Dir: Jon Favreau. US.2001. 93 min.

The same offbeatsensibility that informed Swingers, Miramax's 1996 hit, is also in evidence in Made, the new crime comedy directed, written, andstarring Jon Favreau - except that, unlike the former picture, which dealt withreal issues, the new one is a basically plotless, character-driven film.Reuniting for the first time since Swingers, Favreau and Vince Vaughn play two haplessfriends, reluctantly and hilariously plunged into the world of organized crime.As a writing and acting vehicle, Made showcases again the duo's unique talents, but it's less effective orfunny as a spoof of Scorsese's crime-gangster pictures, specifically MeanStreets and GoodFellas, with a touch of HBO's The Sopranos thrown in. This mid-summer release should dodecent business within the indie/art-house circuit for domestic distributorArtisan, but won't travel well to the more mainstream locations.

One admires Favreau'sdetermination not to do a sequel, or a similar movie, to Swingers, due to the changing zeitgeist as well his andpartner Vaughn's older age. At the same time, what was special about Swingers, a sharp comedy about a struggling New York actordesperate to find a girlfriend in L.A., was its low budget ($250,000), and thefact that it was the first film to address "the politics of answeringmachine," and how they have become an integral part of dating rituals.Additionally, the mores and lingo used in Swingers was fresh and infectious, imitated to death by thetwentysomething crowd.

The budget for the newcomedy is obviously bigger, which may be a minor problem compared to the factthat Favreau's distinctive brand of humor has lost its novelty. This wouldn'thave been such a shortcoming had the script for Made been more substantial and not quite so dependent onthe endless bickering of two leads.

An aspiring amateur boxer,Bobby (Favreau) spends his days doing a construction job, and his nights as abodyguard for his stripper girlfriend and single mother, Jessica (a terrificJanssen), whose "job" he jealously resents. Bobby refuses to give uphis dream of victory in the ring, despite urging of his deadbeat chum, Ricky(Vaughn), who believes they should pursue higher positions in the organizationof old-time mob boss, Max (Falk).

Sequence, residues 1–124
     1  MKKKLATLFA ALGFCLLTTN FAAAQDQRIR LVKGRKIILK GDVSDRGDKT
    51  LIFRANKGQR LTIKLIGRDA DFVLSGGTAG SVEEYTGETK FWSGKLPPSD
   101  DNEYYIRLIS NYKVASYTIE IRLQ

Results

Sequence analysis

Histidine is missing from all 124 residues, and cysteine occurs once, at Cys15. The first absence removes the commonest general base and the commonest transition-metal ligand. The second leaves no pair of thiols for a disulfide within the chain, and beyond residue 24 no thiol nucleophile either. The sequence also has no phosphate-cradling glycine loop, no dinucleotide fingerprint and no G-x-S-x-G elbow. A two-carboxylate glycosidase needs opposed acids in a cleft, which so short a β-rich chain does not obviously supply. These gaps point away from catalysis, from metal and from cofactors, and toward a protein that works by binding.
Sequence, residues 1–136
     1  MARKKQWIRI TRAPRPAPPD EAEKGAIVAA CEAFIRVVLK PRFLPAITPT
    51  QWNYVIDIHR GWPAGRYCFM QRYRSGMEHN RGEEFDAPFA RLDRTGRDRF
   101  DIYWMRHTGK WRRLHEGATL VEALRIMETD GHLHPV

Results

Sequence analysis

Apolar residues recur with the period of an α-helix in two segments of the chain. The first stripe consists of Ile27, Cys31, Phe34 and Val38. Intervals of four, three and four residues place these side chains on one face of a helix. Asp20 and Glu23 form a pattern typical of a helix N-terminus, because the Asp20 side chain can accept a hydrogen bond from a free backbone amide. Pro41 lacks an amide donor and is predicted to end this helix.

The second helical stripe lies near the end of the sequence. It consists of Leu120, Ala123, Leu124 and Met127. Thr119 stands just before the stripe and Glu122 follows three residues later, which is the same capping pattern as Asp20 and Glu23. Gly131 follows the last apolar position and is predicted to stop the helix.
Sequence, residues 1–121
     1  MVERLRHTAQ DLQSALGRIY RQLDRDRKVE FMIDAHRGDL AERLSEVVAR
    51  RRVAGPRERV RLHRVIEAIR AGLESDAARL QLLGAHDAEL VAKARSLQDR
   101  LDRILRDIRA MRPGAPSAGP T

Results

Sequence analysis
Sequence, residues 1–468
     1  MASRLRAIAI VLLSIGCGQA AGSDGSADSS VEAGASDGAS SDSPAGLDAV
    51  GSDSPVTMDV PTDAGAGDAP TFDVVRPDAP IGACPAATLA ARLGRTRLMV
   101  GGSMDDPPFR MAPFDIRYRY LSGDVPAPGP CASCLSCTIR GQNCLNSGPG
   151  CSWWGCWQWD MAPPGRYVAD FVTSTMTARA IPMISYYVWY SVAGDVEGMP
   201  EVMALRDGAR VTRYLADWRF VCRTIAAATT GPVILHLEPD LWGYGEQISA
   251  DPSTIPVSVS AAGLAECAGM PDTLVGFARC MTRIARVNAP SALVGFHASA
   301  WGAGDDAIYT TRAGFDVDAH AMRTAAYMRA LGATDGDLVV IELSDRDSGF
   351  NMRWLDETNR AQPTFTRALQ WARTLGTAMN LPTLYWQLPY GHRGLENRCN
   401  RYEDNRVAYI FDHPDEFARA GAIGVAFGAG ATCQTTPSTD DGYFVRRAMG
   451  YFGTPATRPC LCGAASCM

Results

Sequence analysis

Indeed, under pressure,Bobby and Ricky accept Max's offer to perform a high-stakes delivery, provingthat they are not only amateur but also clueless as to how the operation works.This becomes clear in practically every encounter they have, beginning with theirharassment of a flight attendant in their first-class trip to New York, andculminating in some disastrous meetings with Ruiz (played by controversialrapper Sean "Puffy" Combs), a club-hopping Downtown Manhattangangster.

Endowed with sharply divergentpersonalities, the duo take a different approach to their task -- and life ingeneral. Bobby wants to get the job done and get home alive, whereas Ricky,believing he's got it "made," ignores mobster protocol, and sets outto enjoy New York's good life of stretch limos, beautiful women, and chicnightclubs.

The story is based on aserviceable premise, namely, how in a matter of hours, Ricky's delusions ofgrandeur are shattered, putting him and his buddy in life-threatening jeopardy.Favreau writes honed dialogue, and the situations into which the duo is thrownare intermittently smart and funny. But it's not enough for a feature-lengthmovie (even one barely 93 minutes long) that also falls victim to a repetitiverhythm. Almost every scene follows the same pattern: Macho bravado talk leadsto a disastrous act by Ricky, ending in yet another vocal argument and physicalfight between the couple.

That said, in his featuredirectorial debut, Favreau shows promise as a filmmaker highly sensitive to hisensemble. Made is peppered withterrific turns, from the leads to Combs and Janssen, to Falk, whose rolerecalls his work for John Cassavetes, to Vincent Pastore, as the limo driver.Photography by Chris Doyle, who shot Wong Kar Wai's exquisite In the Mood ForLove, contributes visual pleasureway beyond the light narrative in which it is contained.

Prod co: Artisan Entertainment
US dist
: Artisan
Int'l sales
: SummitEntertainment
Exec prod
: John Starke
: Vince Vaughn,Favreau
: Favreau
: Chris Doyle
Prod des
: Anne Stuhler
: Curtis Clayton
: John O'Brien, LyleWorkman
Main cast
: Jon Favreau,Vince Vaughn, Peter Falk, Sean Combs, Famke Janssen, Vincent Pastore